The Dawson Academy Blog

Dental Articles on Occlusion, Centric Relation, Restorative Dentistry & More

Dawson Quick Tip: How to Increase Case Acceptance with Photography

In this addition of increasing case acceptance, I want to talk about digital photography. You've been hearing me say this over and over if you've been listening to this section along the way: I don't think there's any way that we can completely convey to a patient what is going on in their mouth unless we have a crystal clear picture of what is happening.

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A Brief Review of a Healthy Temporomandibular Joint (TMJ)

Inspiration for this article:

Recently we received the following comment on the blog article, "The Importance of Load Testing" by Dr. Leonard Hess. 

Comment:

I am a past attendee of the Pankey and Dawson curriculums ( long ago in the 1980's) and am flabbergasted that you still preach this anachronistic content which has long been disproven in the evidence based literature and debunked in dental education. I am a dental educator and long ago stopped teaching that every patient had to be in centric relation, that the TMJ bore the main load of occlusion and that anterior guidance and posterior interferences had a significant relationship to TMD. I see patients with harmful irreversible changes caused by excessive and unnecessary equilibration, and TMD patients grossly overtreated with unneeded prosthetics, orthodontics and orthognathic surgery. I am hoping that you will post this and respond. Although I have great respect for Dr. Dawson as a pioneer in dentistry the Dawson Academy needs to greatly modify its curriculum content to come into the 21st century. !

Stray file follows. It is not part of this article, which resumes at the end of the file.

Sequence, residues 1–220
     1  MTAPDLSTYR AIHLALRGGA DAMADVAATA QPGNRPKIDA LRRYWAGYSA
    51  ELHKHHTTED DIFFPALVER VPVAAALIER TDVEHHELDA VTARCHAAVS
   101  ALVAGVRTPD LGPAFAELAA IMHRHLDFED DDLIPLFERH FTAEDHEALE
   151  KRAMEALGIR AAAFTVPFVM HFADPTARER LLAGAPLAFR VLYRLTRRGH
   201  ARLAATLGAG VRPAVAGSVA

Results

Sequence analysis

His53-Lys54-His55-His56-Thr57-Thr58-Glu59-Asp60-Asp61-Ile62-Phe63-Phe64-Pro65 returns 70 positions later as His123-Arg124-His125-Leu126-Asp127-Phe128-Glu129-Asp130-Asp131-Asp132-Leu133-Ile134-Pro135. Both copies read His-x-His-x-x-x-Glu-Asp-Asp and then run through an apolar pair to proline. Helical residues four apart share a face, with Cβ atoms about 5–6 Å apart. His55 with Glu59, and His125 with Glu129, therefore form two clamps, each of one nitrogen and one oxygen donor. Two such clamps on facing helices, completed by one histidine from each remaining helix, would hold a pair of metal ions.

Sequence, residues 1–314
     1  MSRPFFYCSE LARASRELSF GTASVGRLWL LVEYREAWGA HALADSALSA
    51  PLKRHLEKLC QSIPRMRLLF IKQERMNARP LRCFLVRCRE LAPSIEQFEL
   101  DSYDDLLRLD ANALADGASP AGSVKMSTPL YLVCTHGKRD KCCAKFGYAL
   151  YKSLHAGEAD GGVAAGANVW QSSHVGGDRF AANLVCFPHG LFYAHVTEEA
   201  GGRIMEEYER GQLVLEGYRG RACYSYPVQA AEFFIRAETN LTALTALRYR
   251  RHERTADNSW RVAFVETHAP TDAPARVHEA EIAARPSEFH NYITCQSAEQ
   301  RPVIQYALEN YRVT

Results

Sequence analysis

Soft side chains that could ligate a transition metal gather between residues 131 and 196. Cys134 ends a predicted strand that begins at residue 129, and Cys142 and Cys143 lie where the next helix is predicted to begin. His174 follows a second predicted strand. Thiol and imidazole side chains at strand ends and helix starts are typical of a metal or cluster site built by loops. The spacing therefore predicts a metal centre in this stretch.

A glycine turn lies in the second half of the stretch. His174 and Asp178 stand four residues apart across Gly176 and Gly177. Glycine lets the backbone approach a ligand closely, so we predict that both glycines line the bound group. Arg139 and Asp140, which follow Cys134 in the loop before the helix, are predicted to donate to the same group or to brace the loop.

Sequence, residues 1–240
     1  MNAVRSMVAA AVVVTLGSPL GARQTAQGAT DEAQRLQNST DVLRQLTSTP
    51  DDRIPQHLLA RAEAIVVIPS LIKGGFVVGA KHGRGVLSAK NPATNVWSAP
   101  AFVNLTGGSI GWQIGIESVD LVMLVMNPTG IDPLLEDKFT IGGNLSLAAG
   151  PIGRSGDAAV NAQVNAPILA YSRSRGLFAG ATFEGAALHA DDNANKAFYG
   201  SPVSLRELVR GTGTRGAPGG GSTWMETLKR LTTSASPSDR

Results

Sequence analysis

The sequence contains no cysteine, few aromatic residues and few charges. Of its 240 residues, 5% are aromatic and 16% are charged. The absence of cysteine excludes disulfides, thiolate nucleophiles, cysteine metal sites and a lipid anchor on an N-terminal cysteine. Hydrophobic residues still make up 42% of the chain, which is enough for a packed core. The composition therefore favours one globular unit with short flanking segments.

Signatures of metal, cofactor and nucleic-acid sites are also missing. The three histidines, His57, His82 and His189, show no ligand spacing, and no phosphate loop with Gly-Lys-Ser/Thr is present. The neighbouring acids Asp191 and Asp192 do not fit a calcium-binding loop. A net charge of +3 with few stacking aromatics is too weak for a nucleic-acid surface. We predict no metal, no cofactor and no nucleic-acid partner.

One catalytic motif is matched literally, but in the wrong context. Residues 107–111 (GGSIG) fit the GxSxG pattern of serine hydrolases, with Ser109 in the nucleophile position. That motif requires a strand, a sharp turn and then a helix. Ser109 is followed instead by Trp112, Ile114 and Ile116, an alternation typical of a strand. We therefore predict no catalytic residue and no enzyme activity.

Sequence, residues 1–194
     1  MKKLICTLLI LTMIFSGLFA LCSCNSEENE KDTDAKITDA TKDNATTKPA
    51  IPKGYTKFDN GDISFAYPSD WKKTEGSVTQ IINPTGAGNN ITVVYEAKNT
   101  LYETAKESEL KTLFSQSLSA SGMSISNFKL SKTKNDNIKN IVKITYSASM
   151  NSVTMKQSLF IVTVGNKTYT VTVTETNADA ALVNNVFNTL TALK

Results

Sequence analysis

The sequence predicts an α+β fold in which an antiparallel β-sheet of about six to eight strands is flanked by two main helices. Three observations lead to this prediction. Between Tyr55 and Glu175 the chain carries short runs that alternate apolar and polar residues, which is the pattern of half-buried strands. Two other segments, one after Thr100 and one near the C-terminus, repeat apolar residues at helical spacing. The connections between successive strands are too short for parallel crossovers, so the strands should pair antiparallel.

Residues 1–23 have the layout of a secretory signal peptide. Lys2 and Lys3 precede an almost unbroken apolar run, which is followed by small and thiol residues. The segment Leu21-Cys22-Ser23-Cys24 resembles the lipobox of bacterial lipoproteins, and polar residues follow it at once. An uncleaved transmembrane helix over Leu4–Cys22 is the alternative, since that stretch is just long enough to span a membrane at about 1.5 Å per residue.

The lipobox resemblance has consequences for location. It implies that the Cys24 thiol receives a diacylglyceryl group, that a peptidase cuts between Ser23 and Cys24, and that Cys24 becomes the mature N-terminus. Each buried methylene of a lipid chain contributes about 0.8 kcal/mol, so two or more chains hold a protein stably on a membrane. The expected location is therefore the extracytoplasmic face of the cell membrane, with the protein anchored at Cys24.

Sincerely,
Harold F. Menchel DMD

You can find responses by both Dr. Hess and Dr. Dawson to Dr. Menchel's comments at the bottom of that article. Below is my response.


As dental educators, it is our duty to seek a total understanding of the foundational concepts and the associated clinical relevancy in order to teach our students and positively impact patients.  Dr. Dawson’s very concept of complete dentistry, and what is taught by the Dawson Academy, is to identify any signs or symptoms that impede anatomic and functional harmonyIt is our goal to provide the least invasive, most conservative treatment to help our patients achieve optimal health that is maintainably comfortable and beautiful.  This we agree upon. 

The “anachronistic content” you describe stems from an incomplete understanding of the anatomy and function of the masticatory system as well as the erroneous application of that misinformation.  Much controversy and clinically skewed research stems from a lack of a common classification system for joint position, occlusion and temporomandibular disorder (TMD) diagnostic criteria. Sadly, such has perpetuated our profession and the opportunity to clarify is welcomed.

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Dawson Quick Tips: Immediate Non-Occlusal Load Temporaries

So my quick tip is about immediate non-occlusal load temporaries for implant restorations.